Lucid Culture

JAZZ, CLASSICAL MUSIC AND THE ARTS IN NEW YORK CITY

Isabelle O’Connell’s Dark, Deep Reservoir

Irish pianist Isabelle O’Connell’s new album Reservoir is compelling collection of dark, serious solo pieces by contemporary composers from her native land. It’s a mix of the deceptively simple and the rigorously difficult, performed with a grace and dignity that does justice to the intensity of the compositions. The title track, by Donnacha Dennehy, is particularly gripping. With its incessant quarter-note insistence and interlocking astringent chords, it’s evocative of Louis Andriessen and it’s also obviously very difficult to hold on a steady course. O’Connell meets the challenge with a steely resolve. Big, by Ian Wilson, is a smallscale partita with distant echoes of Brahms, moving from a big chordal introduction to scurrying righthand against an incisive staccato, finally winding out on a hypnotic circular phrase. O’Connell follows that with Jane O’Leary’s aptly titled miniature Forgotten Worlds and its terse, rippling glimmer. Seoirse Bodley’s The Narrow Road to the Deep North, a spacious narrative, grows from austerely rustic to more lively as the journey through the brush finally reaches its destination.

John Buckley’s Three Preludes gleam with a bracing disquiet, the first a series of methodically paced, off-center arpeggios; the second, an eerie, chromatically-charged waltz; the third more stately and Chopinesque. Three pieces (nos. 10, 11 and 13) from The Klippel Collection by Brian Irvine offer both satirical and straightforwardly Romantically tinged melody as well as a deliciously Satie-esque prelude of sorts. And Philip Martin’s Along the Flaggy Shore is desolately creepy, a spaciously wintry scene that ends with a single note of vocalese – a ghost, maybe?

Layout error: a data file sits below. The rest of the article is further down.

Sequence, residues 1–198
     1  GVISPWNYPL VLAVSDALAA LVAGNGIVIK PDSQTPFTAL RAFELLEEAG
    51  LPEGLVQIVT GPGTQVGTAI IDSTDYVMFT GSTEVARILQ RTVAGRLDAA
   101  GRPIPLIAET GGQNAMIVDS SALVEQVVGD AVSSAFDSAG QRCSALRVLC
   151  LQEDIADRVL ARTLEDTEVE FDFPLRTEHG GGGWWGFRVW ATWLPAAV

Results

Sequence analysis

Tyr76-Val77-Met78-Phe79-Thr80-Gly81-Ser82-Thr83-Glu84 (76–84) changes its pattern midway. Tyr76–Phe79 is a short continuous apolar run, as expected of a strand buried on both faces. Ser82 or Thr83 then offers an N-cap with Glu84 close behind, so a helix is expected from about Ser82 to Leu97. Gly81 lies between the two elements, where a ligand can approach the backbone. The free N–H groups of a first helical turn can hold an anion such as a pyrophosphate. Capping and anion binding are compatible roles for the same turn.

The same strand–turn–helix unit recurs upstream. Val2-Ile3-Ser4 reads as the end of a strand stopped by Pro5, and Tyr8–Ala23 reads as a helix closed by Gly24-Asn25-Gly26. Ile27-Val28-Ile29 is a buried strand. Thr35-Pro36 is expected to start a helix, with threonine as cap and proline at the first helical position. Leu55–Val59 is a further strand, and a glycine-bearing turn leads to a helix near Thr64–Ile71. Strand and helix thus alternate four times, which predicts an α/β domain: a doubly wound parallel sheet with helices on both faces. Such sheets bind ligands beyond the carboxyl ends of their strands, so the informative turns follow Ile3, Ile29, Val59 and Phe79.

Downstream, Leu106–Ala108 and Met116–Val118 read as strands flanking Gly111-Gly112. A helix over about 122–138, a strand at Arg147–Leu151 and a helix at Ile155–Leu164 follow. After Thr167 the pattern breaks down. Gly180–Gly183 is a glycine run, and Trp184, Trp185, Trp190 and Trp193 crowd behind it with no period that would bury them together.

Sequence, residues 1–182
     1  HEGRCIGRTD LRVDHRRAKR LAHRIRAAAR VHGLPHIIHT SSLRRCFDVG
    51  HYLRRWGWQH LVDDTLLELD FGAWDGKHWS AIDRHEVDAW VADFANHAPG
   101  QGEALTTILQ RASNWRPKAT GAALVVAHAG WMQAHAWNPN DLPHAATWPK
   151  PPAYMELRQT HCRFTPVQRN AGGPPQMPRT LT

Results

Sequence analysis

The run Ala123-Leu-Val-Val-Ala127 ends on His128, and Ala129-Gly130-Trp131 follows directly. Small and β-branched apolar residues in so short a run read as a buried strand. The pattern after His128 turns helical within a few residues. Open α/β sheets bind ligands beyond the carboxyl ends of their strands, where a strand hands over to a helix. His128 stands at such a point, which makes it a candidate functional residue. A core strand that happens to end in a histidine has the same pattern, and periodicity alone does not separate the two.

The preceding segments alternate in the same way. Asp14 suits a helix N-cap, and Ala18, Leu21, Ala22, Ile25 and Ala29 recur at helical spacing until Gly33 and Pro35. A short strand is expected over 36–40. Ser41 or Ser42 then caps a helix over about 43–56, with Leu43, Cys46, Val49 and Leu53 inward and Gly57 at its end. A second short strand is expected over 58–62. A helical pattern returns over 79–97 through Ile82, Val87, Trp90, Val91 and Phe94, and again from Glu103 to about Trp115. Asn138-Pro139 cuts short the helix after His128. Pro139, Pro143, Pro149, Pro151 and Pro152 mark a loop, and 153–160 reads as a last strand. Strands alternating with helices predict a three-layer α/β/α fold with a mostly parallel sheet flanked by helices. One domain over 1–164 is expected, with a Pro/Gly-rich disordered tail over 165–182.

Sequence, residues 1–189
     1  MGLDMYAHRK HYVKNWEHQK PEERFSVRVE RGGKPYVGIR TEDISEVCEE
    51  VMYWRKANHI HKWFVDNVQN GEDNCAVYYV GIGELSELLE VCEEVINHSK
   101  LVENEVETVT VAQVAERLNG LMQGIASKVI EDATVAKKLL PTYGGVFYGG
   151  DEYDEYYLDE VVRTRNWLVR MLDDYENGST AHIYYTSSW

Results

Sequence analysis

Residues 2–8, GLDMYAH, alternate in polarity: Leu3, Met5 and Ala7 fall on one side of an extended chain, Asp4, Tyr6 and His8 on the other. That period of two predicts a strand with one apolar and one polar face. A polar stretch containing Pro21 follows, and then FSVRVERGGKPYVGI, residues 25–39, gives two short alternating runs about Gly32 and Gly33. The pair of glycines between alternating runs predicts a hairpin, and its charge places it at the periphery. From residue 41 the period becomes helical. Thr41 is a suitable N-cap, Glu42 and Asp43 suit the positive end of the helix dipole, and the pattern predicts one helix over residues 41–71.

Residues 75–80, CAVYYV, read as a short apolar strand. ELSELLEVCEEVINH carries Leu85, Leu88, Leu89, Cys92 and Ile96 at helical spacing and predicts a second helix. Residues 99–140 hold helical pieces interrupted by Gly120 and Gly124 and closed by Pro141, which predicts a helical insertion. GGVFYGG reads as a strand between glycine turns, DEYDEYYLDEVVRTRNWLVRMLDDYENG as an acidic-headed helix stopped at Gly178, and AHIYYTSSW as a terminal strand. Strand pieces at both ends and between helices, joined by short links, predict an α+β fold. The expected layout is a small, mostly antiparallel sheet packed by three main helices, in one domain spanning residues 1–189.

There’s also some humor here as well. Elaine Agnew’s Seagull is a playful yet dignified salute to the shorebird – it stops and starts but also gazes out to sea with a wistful poignancy, then takes a briskly tense, perfectly executed walk up and down the beach. And Jennifer Walshe’s Becher is a genuinely hilarious pastiche of dozens of famous intros and outros from Beethoven, Scott Joplin, the Verve, Chopin, and perhaps most amusingly, Grieg, who really gets a sendup here as one of his most famous motifs gets sent up the scale and morphs into the Beatles. O’Connell plays the segues absolutely deadpan and absolutely tight – it’s impossible to resist pausing and then rewinding because the jokes are flying by so fast.

December 1, 2010 Posted by | avant garde music, classical music, Music, music, concert, review, Reviews | , , , , , , , , , , , , , , , , , , , , , , , | Leave a comment